“Eating well gives a spectacular joy to life and contributes immensely to goodwill and happy companionship. Bertrand Guyon’s second couture collection for Schiaparelli centered around food and the table. Those “psycho chic” day clothes, as Roseberry described them, morphed into evening pieces that evoked Schiap’s dreams—dreams that his elegantly self-penned program notes explained “were active, propulsive, exuberant, extravagant, rebellious, [and] ambitious”—and nodded to Yves Saint Laurent and Christian Lacroix’s ’80s and ’90s couture work in striking ultramarine, scarlet, viridian, and of course the brand’s own iconic shocking pink. “There’s this story about Schiap putting seeds in her ears and up her nose. All rights reserved. Elsa Schiaparelli installed a trattoria in the basement of her Paris house and staffed it with an Italian chef.
His Ready-to-Wear launch today was similarly dynamic. Coupled with the porcelain potato and copper lettuce leaf brooches found on some of the looks, they created a sense of earthiness that’s unusual in haute couture, where sequins and crystals are the typical currency.
It is of great importance to the morale,” she wrote in her autobiography, Shocking Life. Schiaparelli Spring 2020 Couture collection, runway looks, beauty, models, and reviews. (A previous iteration was demi-couture, and complicated to shop for.) Fine china and cutlery figured prominently as well on jacquards, as leather appliqués, and on a white-on-white brocade used for the show’s most sublime look, an A-line gown worn with a cropped and fitted beaded jacket. © 2020 Condé Nast. These pieces were not necessarily subtle.
Elsewhere, Guyon turned vintage napkins into decorative motifs, splicing them together in windmill designs (a feat of patternmaking if ever there was one) and inserting them on the front and back of jackets. J.Crew catalogs of the same period inspired broad varsity stripes in incendiary colorways. Ready-to-Wear has been an inconsistent element at Schiaparelli since its resuscitation as a haute couture purveyor by Diego Della Valle in 2013. The designer’s famously scandalous lobster-print dress for Wallis Simpson was reimagined by Guyon as beaded embroidery on the bib front of a gown. This collection’s appeal will largely depend on Schiaparelli customers’ taste for its theme and Guyon’s quite literal application of it.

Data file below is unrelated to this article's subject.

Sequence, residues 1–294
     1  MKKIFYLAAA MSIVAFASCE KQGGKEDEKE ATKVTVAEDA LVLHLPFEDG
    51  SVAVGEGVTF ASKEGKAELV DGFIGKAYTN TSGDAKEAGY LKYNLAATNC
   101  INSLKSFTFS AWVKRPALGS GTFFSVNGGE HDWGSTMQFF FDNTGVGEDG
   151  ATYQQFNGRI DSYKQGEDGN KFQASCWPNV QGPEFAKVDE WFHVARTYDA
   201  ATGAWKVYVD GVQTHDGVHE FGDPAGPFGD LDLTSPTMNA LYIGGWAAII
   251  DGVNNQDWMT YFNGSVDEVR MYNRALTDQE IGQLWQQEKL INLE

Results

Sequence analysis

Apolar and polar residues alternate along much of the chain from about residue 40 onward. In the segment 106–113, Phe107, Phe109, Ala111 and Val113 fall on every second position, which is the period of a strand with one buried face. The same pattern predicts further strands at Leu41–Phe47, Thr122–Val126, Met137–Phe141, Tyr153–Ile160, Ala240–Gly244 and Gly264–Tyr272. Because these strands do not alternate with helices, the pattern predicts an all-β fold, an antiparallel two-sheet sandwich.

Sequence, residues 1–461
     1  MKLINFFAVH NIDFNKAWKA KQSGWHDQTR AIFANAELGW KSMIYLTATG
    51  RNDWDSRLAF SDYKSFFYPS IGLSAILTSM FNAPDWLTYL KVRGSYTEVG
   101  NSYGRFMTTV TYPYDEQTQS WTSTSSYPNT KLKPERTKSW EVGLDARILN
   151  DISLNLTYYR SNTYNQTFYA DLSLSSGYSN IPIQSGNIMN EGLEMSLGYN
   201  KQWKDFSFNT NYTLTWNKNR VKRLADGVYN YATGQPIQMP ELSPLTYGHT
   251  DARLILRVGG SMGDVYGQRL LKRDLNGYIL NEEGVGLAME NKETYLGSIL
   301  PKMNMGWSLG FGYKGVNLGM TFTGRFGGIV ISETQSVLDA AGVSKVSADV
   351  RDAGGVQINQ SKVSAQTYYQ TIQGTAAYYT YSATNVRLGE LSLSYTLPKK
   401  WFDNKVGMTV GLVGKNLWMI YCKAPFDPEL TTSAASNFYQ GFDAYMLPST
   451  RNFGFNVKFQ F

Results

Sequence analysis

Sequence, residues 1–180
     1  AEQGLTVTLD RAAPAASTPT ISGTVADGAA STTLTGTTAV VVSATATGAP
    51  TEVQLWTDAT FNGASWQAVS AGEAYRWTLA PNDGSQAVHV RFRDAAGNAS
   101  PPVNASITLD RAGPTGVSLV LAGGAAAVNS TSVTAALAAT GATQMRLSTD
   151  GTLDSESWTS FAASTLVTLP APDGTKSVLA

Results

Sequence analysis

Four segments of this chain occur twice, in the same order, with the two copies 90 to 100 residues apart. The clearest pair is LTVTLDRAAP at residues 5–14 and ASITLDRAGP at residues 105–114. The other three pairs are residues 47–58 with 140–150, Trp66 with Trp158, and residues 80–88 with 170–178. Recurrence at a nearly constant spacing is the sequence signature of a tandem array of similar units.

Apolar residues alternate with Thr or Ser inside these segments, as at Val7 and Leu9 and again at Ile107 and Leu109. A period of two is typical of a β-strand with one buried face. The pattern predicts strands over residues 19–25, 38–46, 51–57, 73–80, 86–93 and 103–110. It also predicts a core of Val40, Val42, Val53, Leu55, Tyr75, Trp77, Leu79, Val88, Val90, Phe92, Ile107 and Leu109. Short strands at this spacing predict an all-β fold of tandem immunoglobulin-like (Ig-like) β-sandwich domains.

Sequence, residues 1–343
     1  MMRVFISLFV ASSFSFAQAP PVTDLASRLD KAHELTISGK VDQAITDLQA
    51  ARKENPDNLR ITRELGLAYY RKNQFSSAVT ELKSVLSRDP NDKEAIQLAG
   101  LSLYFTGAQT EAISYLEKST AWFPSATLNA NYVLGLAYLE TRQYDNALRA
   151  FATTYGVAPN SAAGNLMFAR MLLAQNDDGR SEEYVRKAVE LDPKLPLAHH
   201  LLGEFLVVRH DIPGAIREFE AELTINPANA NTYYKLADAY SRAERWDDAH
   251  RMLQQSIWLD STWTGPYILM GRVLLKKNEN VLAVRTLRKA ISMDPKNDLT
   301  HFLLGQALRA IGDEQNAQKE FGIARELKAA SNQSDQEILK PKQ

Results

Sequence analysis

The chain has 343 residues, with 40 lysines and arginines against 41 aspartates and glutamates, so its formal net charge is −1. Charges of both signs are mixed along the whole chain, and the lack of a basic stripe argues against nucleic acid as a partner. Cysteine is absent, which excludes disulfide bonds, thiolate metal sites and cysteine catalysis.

Vogue may earn a portion of sales from products that are purchased through our site as part of our Affiliate Partnerships with retailers. Ad Choices. But mealtime was a preoccupation of the house founder as well. All rights reserved. The Ready-to-Wear itself nodded firmly in Schiaparelli’s direction, not in terms of her powerful ’40s silhouettes—Roseberry preferred a more stripped-down shape—but definitely with regard to her flair for surface details.
It was a feeling accentuated by a pair of capes—one hip-length, the other trailing a train—hand-crocheted from a raw wheat fiber. Second helpings of that kind of thing next time around. Daniel Roseberry made a memorable debut this July, when he sketched his way through his first Schiaparelli Haute Couture show, completing 30 drawings for 30 exits as the audience looked on.
Roseberry also looked at Schiap’s 1930s friends and collaborators, including the modishly minimalist Deco Moderne furniture and interior designer Jean-Michel Frank (for a daytime palette of cerused oak and parchment that he mixed with navy and cigar brown) and Alberto Giacometti (for the skeletal jewels and rhinestone “bone” embellishments that also referenced Schiaparelli’s own shocking padded jersey skeleton evening dress of 1938).
Elsa Schiaparelli installed a trattoria in the basement of her Paris house and staffed it with an Italian chef. Maison Schiaparelli. That was merely an appetizer: There were pasta-print long dresses, exquisitely rendered root vegetable embroideries on a neoprene tee, a cracked egg cape whose bright yellow yoke doubled as the sun, and even a gown with twin cherries hooked over one nipple—“the cherry on the cake,” it was called. On the sparer side of Roseberry’s proposal was a tunic-and-pants set in black viscose plissé and a green and black cape dress softly tied at the waist over black trousers. His imagination rivals Schiaparelli’s own. Vogue may earn a portion of sales from products that are purchased through our site as part of our Affiliate Partnerships with retailers. The Dallas-born Roseberry brought his own uniquely personal references to bear too, looking, for instance, at 1980s copies of Sports Illustrated featuring the pulchritudinous Elle Macpherson, which inspired playful swimsuit-back dresses with trompe l’oeil tan lines or reveals of net or leather the color of the model’s skin (an effect that met with varying degrees of success).